The only problem with the oven so far has been that all the panels have warped - MDF probably isn't the best thing to use for this, although making a heftier frame to attach the panels to might have helped. The warping of the panels has meant that the joints between the panels have opened up in places. I've just taped over the gaps with gaffer tape. It does seem that MDF panels (from B&Q at least) have quite a high water content - when I first fired up the oven steam used to escape from any gaps between the panels. I assume that this has led to the panels warping. There's still steam produced, which gets absorbed by the gaffer tape, so periodic inspection and replacement of the tape is required. Still works, though, so I've no plans to change things in the short term.

Just for Chris Good, here's a plan of the oven (click on the piccie for a legible version) -

Vacuum pump

I had originally planned to use a vacuum generator powered by a compressed air supply (I've got a compressor in the garage) but the thought of my very noisy generator running intermittently for hours on end put me off that idea. Then I found an abandoned fridge in a skip near Zena's parent's place and whipped the compressor out of that. This can be used as a cheap vacuum pump - for details see here and here. However, in the end Steve Wiseman lent me his vacuum pump and 2-piece breach unit. The breach unit makes connecting the vacuum pump to the bagging film much easier and although the pump smells rather grim when it's working it does the job pretty well.

I still plan to get the fridge pump working one day - I suspect Steve is going to want his vacuum pump back one day! In order to measure the vacuum being generated I've also bought a vacuum gauge off eBay for a few quid - it's from a 50s Triumph Herald apparently although I think it's an aftermarket gauge not an OEM part.

The moulds

The important thing with pre-preg is to make sure that the mould can survive the temperatures in the oven - that pretty much rules out polyester resin based GRP. The interior panels for the Fury were either made of bits of the old chassis or sheets of ali bent to shape. Where bits of the old chassis were used, returns were added to give a little extra room to play with.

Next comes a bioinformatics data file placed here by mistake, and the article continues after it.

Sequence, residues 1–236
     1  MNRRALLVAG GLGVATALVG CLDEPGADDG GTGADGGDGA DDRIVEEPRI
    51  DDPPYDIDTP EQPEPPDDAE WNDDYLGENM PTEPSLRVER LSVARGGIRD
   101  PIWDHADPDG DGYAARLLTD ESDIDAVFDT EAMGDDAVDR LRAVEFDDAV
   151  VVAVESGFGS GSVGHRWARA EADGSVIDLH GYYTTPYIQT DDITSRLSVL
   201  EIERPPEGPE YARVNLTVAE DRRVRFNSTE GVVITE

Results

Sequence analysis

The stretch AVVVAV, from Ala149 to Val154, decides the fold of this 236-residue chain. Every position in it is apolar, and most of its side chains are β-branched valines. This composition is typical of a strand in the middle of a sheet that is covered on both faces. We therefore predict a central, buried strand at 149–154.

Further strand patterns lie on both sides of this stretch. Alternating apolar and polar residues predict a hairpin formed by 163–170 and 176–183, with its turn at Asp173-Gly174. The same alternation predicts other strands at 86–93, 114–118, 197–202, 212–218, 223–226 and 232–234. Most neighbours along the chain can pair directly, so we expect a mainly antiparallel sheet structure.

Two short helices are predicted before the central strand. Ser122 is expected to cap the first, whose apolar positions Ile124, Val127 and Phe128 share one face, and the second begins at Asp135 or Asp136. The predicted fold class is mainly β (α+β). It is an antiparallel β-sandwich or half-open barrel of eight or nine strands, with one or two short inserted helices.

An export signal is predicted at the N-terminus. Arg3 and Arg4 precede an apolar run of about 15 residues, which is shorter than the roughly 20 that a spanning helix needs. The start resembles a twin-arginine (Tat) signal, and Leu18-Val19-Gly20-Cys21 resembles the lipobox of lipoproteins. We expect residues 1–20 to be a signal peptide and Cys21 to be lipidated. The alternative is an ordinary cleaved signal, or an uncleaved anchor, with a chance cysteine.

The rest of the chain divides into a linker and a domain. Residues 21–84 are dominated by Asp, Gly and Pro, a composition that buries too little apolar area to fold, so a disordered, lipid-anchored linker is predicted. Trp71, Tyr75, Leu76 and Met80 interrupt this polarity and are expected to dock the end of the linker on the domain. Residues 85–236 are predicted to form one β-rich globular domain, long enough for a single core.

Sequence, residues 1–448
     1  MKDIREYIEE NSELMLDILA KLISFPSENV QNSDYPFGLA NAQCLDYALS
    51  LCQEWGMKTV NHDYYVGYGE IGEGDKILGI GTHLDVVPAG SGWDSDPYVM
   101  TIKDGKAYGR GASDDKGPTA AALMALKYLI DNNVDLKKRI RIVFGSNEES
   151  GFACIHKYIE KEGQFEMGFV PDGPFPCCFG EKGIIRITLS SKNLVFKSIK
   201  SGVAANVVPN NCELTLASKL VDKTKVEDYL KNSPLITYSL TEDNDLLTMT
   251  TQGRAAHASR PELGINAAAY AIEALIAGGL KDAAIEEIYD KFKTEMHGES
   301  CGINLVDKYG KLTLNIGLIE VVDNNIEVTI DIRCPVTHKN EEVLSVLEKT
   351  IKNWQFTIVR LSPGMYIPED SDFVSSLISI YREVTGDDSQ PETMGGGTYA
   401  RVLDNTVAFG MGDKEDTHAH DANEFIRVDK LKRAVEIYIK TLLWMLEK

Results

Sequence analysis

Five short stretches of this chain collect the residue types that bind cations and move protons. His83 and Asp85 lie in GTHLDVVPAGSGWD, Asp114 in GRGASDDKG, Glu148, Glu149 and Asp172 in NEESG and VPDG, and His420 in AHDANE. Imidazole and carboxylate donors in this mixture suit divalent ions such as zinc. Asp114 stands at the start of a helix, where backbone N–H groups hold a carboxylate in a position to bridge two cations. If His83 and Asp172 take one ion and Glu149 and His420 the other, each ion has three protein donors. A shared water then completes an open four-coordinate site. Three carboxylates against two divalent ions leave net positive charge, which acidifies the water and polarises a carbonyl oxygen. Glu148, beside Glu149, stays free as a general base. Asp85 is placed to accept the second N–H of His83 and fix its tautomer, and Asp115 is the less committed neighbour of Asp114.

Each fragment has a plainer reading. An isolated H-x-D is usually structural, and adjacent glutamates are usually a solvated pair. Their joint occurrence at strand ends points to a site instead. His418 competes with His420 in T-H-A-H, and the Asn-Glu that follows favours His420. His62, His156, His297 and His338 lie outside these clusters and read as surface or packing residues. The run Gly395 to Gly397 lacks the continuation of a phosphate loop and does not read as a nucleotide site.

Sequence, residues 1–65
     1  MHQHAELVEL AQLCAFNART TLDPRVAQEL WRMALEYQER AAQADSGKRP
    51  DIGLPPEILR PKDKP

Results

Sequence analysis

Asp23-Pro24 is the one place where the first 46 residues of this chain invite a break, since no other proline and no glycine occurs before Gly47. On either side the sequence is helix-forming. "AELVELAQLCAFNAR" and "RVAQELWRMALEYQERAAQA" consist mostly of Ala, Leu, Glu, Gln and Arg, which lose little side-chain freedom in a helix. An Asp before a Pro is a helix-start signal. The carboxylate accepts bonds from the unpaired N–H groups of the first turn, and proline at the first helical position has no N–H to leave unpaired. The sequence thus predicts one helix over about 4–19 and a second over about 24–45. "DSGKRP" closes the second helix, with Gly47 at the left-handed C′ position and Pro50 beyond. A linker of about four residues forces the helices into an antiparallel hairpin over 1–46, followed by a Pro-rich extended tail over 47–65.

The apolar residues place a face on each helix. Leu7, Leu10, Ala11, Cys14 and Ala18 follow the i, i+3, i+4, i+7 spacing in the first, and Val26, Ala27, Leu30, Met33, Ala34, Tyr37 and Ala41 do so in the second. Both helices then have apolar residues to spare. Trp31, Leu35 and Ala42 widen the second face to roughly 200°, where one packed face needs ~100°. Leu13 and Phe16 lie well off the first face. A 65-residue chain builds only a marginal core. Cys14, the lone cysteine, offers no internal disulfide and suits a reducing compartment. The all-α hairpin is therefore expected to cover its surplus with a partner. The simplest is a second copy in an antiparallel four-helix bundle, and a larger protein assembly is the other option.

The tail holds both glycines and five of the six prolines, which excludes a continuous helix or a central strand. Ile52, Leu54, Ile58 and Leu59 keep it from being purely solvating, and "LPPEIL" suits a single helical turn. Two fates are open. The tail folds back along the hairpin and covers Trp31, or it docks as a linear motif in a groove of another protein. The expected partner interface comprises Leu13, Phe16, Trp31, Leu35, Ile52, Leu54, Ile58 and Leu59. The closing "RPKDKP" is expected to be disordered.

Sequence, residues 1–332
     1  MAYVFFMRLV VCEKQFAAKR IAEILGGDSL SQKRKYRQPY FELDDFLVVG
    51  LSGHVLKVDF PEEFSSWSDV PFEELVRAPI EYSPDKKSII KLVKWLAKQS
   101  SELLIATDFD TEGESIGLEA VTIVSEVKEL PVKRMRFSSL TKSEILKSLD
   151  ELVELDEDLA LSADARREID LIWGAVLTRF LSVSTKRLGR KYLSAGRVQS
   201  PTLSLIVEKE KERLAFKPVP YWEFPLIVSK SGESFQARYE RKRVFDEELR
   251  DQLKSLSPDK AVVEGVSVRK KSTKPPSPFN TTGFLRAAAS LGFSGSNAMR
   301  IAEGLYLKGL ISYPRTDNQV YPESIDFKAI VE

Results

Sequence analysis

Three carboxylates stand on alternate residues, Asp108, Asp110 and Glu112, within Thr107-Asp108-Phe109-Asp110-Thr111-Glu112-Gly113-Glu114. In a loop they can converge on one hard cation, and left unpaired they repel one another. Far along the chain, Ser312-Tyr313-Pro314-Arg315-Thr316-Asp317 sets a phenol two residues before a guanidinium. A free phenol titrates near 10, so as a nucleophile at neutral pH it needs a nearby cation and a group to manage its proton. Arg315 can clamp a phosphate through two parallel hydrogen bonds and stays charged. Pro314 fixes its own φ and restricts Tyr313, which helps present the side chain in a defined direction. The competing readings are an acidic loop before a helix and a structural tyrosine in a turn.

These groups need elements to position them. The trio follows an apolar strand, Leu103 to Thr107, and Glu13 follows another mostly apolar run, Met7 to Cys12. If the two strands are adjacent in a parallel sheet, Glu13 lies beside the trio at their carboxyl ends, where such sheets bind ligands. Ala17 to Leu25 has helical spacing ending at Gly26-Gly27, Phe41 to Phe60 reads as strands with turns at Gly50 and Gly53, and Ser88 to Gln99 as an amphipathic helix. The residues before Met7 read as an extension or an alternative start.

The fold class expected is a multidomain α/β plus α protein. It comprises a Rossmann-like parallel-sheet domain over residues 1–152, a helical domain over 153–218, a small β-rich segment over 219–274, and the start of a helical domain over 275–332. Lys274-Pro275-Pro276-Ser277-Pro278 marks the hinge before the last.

Making a pre-preg panel

Mould with release plyThe first stage is to make the mould. This is the mould for one of the rear transmission tunnel side panels. It's just a bent bit of ali as you can see. You can use virtually anything for the mould as long as it's capable of surviving the temperatures in the oven (so not polyester GRP) and, if you're bagging the entire mould and stack together and don't have any vacuum regulator, can survive the pressure exerted by the vacuum bag. Or, if you're a science pedant (hello cam7) the pressure exerted by atmospheric pressure on the vacuum bag and its contents.

Obviously you're going to need some way of making sure the carbon doesn't stick to the mould. You can use PVA release agent (horrible stuff IMHO) or wax (not that much better) or, if the panel's flat, you can just use a layer of release film between the mould and the carbon stack. If you're using release film for this purpose, use low perforation film - it gives a better finish with fewer little bumps where the perforations are.

Of course the environment in which all this takes place should be spotlessly clean, with lots of glistening white worksurfaces and people wearing silly paper hats. You can probably tell that my garage doesn't *quite* reach these standards...

TOP TIP: a Fury chassis with lowered front suspension makes a great work bench for carbon work. Simply put a 3' x 3' MDF board over the passenger compartment, and the rolls of material sit nicely in the engine bay, held in place by the columns for the suspension mounts. :)

Carbon laid upThen it's simply a case of laying up the pre-impregnated carbon, layer by layer. The carbon comes in rolls about 1.2m wide, covered in a protective blue plastic sheet. The properties of the part when it's finished are partially determined by how the carbon is laid up and the direction of the fibres in the fabric. Generally, I use just 0/90 degree orientation, with a few 45 degree bits thrown in for good measure if I've got some suitably sized offcuts handy... The trickiest part is keeping the carbon vaguely flat - it's quite tightly rolled up when it's on the roll (figures really) and it's quite keen to return to its curved shape - hence the random stuff piled on top of the layers of carbon. This panel is 4 layers thick IIRC.

The outlife of SE84-based pre-preg is fairly good - up to 8 weeks being stored at 21 degC. Keep it in a cold garage in winter, and if shelf-life is a problem, you just don't love carbon fibre enough cos you're using it too slowly...

Nearly there...Then you put another layer of release film on top (making sure it covers the whole of the carbon + a bit for luck) and bung a load of breather fabric on top. I find that with the set-up I've got the low perforation release film works best for this top layer too - this may change depending on what vacuum you're pulling, how many layers of carbon there are, what temperature you're using etc. To get the ultimate mechanic properties out of the pre-preg you want as little resin as possible, but I'd rather err on the same of too much that too little.

Release film and breather fabric are allegedly reusable (to a limited extent - the breather fabric obviously absorbs more resin the more you use it) but to be honest they cost pennies compared to the carbon. In a 4 layer carbon stack, the carbon's costing £100 per square metre, the breather fabric's costing 65p per square metre...